Case against Ananthamurthy, Kalburgi for allegedly offending religious sentiments

A case was filed against Kalburgi, the late U R Ananthamurthy for 'offending religious sentiments' in a book published 18 years ago
Case against Ananthamurthy, Kalburgi for allegedly offending religious sentiments
Case against Ananthamurthy, Kalburgi for allegedly offending religious sentiments
Written by:

Anisha Sheth | The News Minute | June 12, 2014 | 6.53 pm IST

A case has been registered in a Bangalore court against Kannada writers U R Ananthamurthy and M M Kalburgi for allegedly offending religious sentiments. 

The allegedly offensive incident in question happened decades ago, when Ananthamurthy was a child and the book in which he wrote about it, was published 18 years ago.

On Wednesday, Jagan Kumar filed a private complaint with the 7th Additional Chief Metropolitan Magistrate in Bangalore, which has registered a case under Sections 295A and 298 of the Indian Penal Code. Both sections relate to offending religious sentiments.

The case comes after a Kannada news channel telecast a report about scholar and former Vice Chancellor of the Kannada University M M Kalburgi’s comments at a public programme. Speaking at a programme on June 9, Kalburgi had referred to remarks made by Jnanapith awardee U R Ananthamurthy about idol worship in a collection of essays called “Bettale Puje Yake Kudadhu” (roughly translated as “Why nude worship is not acceptable”). The book was published in 1996 and has been re-printed since then.

In an essay in the book, Ananthamurthy recounts a childhood experience in which he urinates on a particular deity of the village, in a bid to challenge his traditional upbringing that everything was sacred. This episode was referred to by Kalburgi when he made the speech at a particular programme.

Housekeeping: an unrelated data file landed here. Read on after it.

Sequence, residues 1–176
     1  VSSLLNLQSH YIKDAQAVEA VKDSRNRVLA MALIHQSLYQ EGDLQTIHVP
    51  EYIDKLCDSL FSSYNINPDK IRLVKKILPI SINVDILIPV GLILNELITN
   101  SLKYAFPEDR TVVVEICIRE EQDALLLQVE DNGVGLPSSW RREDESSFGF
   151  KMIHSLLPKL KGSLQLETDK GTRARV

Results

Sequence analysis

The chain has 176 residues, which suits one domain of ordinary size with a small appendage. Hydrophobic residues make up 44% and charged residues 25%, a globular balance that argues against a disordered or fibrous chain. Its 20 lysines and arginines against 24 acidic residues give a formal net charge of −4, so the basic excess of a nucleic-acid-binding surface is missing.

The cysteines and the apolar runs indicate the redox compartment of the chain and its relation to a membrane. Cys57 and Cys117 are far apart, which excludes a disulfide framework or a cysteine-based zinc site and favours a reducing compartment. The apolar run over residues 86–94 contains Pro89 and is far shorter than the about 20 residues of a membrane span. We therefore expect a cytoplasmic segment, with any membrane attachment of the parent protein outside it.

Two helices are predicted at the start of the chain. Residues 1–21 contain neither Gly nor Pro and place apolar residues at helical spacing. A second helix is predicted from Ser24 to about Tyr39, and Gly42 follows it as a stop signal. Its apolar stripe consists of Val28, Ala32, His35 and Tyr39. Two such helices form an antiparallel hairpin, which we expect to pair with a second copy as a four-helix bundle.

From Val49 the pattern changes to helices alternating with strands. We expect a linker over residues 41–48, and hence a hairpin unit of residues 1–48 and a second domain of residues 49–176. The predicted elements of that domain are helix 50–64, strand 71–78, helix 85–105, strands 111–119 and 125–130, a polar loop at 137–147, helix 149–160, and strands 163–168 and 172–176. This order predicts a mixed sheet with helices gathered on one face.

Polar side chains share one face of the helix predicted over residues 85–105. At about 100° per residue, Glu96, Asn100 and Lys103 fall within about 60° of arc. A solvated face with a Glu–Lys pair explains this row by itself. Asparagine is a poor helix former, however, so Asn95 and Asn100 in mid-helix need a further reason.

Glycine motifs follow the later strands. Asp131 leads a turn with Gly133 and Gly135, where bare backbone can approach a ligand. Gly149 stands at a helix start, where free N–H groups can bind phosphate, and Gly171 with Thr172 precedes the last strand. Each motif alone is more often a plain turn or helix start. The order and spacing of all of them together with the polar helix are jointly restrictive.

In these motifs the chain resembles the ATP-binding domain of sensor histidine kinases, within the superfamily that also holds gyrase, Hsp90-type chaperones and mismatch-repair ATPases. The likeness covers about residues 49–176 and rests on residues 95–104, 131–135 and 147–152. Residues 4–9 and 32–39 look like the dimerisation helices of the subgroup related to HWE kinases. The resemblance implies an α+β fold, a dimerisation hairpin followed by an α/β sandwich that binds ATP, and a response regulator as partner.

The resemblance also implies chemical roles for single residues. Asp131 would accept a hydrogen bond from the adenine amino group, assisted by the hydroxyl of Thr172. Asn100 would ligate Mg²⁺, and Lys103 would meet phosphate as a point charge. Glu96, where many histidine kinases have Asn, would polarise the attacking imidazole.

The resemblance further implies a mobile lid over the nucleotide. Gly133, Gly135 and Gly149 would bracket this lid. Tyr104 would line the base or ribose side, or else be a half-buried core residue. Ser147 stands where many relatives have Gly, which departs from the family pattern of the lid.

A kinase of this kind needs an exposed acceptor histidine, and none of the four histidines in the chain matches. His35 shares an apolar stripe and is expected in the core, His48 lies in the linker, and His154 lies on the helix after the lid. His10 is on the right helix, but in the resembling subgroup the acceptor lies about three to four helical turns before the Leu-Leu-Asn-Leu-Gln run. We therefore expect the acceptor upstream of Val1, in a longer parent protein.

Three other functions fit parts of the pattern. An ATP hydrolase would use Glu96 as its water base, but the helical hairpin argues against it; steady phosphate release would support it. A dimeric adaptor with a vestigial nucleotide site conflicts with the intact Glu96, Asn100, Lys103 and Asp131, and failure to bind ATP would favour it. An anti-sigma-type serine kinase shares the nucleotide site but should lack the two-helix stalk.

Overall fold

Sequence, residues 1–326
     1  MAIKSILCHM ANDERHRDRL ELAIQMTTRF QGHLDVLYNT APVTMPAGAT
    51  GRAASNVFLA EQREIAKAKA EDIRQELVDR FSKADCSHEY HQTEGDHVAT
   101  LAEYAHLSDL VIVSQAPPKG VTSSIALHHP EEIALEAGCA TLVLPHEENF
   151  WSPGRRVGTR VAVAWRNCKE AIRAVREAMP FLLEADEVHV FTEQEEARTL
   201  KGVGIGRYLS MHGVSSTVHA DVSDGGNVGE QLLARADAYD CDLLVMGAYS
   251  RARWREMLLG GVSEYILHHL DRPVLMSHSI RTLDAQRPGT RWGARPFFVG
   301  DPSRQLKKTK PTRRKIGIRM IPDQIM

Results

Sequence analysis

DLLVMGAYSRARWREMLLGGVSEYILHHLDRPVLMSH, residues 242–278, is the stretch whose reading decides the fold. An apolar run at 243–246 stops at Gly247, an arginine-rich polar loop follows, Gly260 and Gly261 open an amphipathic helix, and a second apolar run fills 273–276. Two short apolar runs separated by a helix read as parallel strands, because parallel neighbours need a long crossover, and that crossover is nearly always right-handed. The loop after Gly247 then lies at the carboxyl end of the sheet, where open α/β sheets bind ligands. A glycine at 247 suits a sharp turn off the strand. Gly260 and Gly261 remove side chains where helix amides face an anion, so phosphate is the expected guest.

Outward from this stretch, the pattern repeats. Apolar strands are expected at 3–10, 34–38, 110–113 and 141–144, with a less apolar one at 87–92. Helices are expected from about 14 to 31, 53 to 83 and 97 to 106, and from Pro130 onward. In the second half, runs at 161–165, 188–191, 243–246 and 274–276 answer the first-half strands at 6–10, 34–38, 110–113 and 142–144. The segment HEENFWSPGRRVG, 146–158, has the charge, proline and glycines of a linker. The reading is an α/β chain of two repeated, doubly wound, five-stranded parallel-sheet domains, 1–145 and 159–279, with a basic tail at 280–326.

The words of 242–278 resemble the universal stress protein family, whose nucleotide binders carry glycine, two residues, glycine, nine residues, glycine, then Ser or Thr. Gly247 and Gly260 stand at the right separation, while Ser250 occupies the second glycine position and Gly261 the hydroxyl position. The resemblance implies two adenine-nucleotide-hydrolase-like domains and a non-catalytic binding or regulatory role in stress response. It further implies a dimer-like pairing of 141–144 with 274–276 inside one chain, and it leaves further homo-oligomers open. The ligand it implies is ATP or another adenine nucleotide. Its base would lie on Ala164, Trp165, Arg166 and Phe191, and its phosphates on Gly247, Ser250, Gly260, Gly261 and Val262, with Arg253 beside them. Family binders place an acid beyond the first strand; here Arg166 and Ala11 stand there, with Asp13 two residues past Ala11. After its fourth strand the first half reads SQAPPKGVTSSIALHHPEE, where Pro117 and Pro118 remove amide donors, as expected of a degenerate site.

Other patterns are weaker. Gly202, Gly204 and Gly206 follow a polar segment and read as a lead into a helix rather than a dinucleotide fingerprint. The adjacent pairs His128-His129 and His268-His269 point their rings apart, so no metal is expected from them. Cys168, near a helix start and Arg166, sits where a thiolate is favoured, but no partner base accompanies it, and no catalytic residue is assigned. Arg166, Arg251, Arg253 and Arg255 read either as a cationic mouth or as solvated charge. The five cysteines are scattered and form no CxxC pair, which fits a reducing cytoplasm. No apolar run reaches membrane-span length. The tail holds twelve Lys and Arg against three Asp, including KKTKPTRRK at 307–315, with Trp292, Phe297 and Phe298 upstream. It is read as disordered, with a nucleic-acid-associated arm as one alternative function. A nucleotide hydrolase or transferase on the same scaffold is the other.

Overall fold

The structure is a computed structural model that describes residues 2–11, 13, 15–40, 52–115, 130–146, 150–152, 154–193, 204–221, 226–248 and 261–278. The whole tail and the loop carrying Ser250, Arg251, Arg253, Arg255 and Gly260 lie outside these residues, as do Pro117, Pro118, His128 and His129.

The context

Ananthamurthy wrote about that childhood experience in an essay titled “Bettale Puje Yake Kudadhu”, in which he discusses the idea of sacredness in the context of the nude-worship ritual performed by Dalits at the Chandraguthi temple in Sorab taluk of Shimoga district. Nude worship was banned by the government in the 1980s.

The statement in question appears on page 39 (in certain editions, and roughly translated as): “I had to breach the Puranic traditions in which I had been brought up. I wanted to ascertain that there was no greater supernatural power than me. So I urinated on the Devva stones of our village. I still remember the fear I had that night. The themes of the stories I wrote in my youth were about the dilemma of transgressing the notion that everything was sacred.”

Writer K Phaniraj says that the overall argument of the essay was that Indian society would always have to deal with different ideas of what is sacred, what is not, and for whom. He says that the overall tone of the essay was to understand the sentiments of the subaltern people.

The complaint

Jagan Kumar (35), a resident of Bangalore, told The News Minute that he had filed the complaint in court because he was offended by the statements. Asked if he had read the essay, Kumar said that he had, and quoted from the relevant portions. He said that urinating on an idol, no matter which type of god it was, had “hurt the sentiments of Hindus”. 

Asked about the overall argument in the essay, Kumar said: “Even if he has done it in his childhood, why should he say it? It hurts the sentiments of Hindus. Why should he say that there is no need to fear the idol and that it has no power, no (ability to perform) miracles?”

When pointed out that the book had been in publication for 18 years now, Kumar said: “To be honest, I dint know about the book. I only found out about it when Kalburgi said (it recently during a public programme).”

His lawyer Dharmapal Yennemajal said that the court had accepted the case and that it was posted for hearing of evidence on October 13.

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